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Neuroimage Clin. 2014 Mar 6;4:454-60. doi: 10.1016/j.nicl.2014.03.001. eCollection 2014.

Neuroprotective effects of testosterone treatment in men with multiple sclerosis.

Author information

1
Department of Neurology, David Geffen School of Medicine at UCLA, Los Angeles, CA, USA ; Brain Mapping Center, David Geffen School of Medicine at UCLA, Los Angeles, CA, USA.
2
Department of Neurology, David Geffen School of Medicine at UCLA, Los Angeles, CA, USA ; Department of Neurology, Cedars-Sinai Medical Center, Los Angeles, CA, USA.
3
Department of Psychiatry, Jena University Hospital, Jena, Germany ; Department of Neurology, Jena University Hospital, Jena, Germany.
4
Department of Neurology, David Geffen School of Medicine at UCLA, Los Angeles, CA, USA.
5
Department of Medicine, Harbor-UCLA Medical Center, Los Angeles Biomedical Research Institute, Torrance, CA, USA.

Abstract

Multiple sclerosis (MS) is an inflammatory and neurodegenerative disease of the central nervous system. While current medication reduces relapses and inflammatory activity, it has only a modest effect on long-term disability and gray matter atrophy. Here, we have characterized the potential neuroprotective effects of testosterone on cerebral gray matter in a pilot clinical trial. Ten men with relapsing-remitting MS were included in this open-label phase II trial. Subjects were observed without treatment for 6 months, followed by testosterone treatment for another 12 months. Focal gray matter loss as a marker for neurodegeneration was assessed using voxel-based morphometry. During the non-treatment phase, significant voxel-wise gray matter decreases were widespread (p≤ 0.05 corrected). However, during testosterone treatment, gray matter loss was no longer evident. In fact, a significant gray matter increase in the right frontal cortex was observed (p≤ 0.05 corrected). These observations support the potential of testosterone treatment to stall (and perhaps even reverse) neurodegeneration associated with MS. Furthermore, they warrant the investigation of testosterone's neuroprotective effects in larger, placebo controlled MS trials as well as in other neurodegenerative diseases. This is the first report of gray matter increase as the result of treatment in MS.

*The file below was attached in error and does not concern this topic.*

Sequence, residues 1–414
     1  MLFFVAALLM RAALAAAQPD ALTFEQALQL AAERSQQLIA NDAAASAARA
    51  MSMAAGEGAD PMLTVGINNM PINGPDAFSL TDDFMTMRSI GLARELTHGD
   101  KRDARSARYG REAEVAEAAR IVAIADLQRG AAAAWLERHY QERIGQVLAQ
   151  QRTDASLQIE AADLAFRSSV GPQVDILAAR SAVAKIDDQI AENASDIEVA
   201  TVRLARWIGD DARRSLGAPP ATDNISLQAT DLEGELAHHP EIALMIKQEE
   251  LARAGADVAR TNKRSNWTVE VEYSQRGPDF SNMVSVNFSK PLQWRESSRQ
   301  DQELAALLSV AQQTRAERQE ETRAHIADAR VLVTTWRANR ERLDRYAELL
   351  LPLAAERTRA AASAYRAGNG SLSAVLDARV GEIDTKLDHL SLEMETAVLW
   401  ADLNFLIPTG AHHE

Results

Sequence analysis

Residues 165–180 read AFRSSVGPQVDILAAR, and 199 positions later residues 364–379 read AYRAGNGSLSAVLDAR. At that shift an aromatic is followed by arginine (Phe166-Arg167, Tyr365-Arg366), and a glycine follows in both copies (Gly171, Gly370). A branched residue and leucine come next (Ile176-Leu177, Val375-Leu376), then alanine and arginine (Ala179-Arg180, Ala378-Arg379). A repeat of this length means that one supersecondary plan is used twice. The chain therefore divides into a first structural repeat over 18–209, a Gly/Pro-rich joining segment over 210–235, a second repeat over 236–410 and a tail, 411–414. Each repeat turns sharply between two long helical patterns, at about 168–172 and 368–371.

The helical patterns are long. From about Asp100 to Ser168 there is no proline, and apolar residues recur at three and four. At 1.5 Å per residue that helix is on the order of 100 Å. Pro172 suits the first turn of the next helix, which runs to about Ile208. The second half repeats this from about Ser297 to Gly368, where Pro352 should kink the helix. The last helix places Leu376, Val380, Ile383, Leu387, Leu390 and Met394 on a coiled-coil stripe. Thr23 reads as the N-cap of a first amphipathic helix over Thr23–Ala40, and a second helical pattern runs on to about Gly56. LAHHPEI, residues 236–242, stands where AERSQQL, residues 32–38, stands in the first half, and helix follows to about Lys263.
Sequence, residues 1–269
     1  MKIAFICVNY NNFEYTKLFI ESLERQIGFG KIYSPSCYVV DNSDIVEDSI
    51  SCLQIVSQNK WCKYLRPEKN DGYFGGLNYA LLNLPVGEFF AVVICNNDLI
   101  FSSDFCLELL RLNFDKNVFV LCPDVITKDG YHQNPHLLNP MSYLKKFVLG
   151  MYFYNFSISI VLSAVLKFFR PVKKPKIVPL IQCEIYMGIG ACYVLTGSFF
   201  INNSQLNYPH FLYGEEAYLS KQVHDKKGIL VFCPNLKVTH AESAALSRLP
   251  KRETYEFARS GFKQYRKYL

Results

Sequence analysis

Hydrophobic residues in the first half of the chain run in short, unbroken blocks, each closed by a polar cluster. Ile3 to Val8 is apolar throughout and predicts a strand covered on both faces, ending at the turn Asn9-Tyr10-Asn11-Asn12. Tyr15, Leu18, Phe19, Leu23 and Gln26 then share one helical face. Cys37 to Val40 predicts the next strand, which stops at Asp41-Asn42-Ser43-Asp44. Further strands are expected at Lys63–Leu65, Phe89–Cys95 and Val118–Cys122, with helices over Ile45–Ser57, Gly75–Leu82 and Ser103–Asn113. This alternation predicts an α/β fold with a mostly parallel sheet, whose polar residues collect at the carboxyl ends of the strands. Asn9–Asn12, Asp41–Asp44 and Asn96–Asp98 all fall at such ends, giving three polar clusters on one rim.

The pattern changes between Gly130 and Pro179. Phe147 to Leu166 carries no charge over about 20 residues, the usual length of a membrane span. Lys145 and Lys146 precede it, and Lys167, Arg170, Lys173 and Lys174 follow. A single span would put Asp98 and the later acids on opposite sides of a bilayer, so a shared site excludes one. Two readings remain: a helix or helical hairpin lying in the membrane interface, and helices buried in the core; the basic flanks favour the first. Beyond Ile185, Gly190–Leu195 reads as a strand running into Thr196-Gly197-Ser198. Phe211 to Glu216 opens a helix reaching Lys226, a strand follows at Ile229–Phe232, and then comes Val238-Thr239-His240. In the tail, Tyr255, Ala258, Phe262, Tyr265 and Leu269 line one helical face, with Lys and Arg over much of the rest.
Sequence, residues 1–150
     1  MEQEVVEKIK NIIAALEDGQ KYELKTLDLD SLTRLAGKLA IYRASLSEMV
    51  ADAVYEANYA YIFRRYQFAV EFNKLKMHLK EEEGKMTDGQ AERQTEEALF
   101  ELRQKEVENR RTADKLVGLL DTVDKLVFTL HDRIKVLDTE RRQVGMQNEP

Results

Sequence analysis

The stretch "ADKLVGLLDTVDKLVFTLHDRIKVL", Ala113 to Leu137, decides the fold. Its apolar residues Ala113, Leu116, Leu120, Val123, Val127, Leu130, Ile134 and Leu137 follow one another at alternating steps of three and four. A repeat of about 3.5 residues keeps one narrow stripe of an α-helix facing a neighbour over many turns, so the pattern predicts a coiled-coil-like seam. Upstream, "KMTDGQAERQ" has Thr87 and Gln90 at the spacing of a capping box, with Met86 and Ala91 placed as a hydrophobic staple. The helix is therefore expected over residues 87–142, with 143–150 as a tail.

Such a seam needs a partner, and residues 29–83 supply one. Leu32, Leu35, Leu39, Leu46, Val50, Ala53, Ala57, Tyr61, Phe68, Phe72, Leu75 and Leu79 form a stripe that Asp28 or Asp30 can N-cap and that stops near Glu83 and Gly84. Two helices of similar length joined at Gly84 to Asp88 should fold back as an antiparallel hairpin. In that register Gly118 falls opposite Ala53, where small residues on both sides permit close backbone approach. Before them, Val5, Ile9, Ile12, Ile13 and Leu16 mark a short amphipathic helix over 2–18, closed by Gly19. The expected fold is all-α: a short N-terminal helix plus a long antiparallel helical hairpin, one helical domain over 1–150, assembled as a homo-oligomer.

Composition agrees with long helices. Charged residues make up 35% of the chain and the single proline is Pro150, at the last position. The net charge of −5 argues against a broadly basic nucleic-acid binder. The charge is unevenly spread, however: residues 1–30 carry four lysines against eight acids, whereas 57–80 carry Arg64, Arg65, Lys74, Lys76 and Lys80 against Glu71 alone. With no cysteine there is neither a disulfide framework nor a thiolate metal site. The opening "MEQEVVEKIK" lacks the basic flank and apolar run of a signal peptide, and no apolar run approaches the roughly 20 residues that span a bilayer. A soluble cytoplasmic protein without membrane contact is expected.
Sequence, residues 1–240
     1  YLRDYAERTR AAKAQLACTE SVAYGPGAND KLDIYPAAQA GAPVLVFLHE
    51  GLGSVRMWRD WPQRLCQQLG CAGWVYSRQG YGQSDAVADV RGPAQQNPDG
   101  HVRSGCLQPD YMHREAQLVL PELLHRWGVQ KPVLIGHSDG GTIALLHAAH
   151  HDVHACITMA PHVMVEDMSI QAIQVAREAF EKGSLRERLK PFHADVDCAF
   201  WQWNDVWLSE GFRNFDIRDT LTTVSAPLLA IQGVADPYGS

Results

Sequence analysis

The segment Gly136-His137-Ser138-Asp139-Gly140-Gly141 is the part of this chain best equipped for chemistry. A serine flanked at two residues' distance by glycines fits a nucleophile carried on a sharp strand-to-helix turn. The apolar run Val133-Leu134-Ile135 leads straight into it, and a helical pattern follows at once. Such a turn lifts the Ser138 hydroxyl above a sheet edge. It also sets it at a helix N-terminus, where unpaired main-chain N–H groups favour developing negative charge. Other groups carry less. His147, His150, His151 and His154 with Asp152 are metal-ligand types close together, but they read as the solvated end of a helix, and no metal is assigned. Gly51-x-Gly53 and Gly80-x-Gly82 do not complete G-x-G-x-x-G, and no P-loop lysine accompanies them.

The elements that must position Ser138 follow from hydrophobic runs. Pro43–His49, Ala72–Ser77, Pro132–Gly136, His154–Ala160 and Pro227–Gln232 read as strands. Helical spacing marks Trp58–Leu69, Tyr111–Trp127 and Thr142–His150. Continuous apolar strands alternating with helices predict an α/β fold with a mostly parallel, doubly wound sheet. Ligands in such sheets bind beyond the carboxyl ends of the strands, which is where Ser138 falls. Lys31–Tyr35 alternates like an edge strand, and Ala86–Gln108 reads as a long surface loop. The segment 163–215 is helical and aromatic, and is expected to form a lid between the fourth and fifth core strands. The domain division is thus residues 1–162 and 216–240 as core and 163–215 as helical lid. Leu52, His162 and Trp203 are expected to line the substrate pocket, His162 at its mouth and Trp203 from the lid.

PMID:
24634831
PMCID:
PMC3952353
DOI:
10.1016/j.nicl.2014.03.001
[Indexed for MEDLINE]
Free PMC Article

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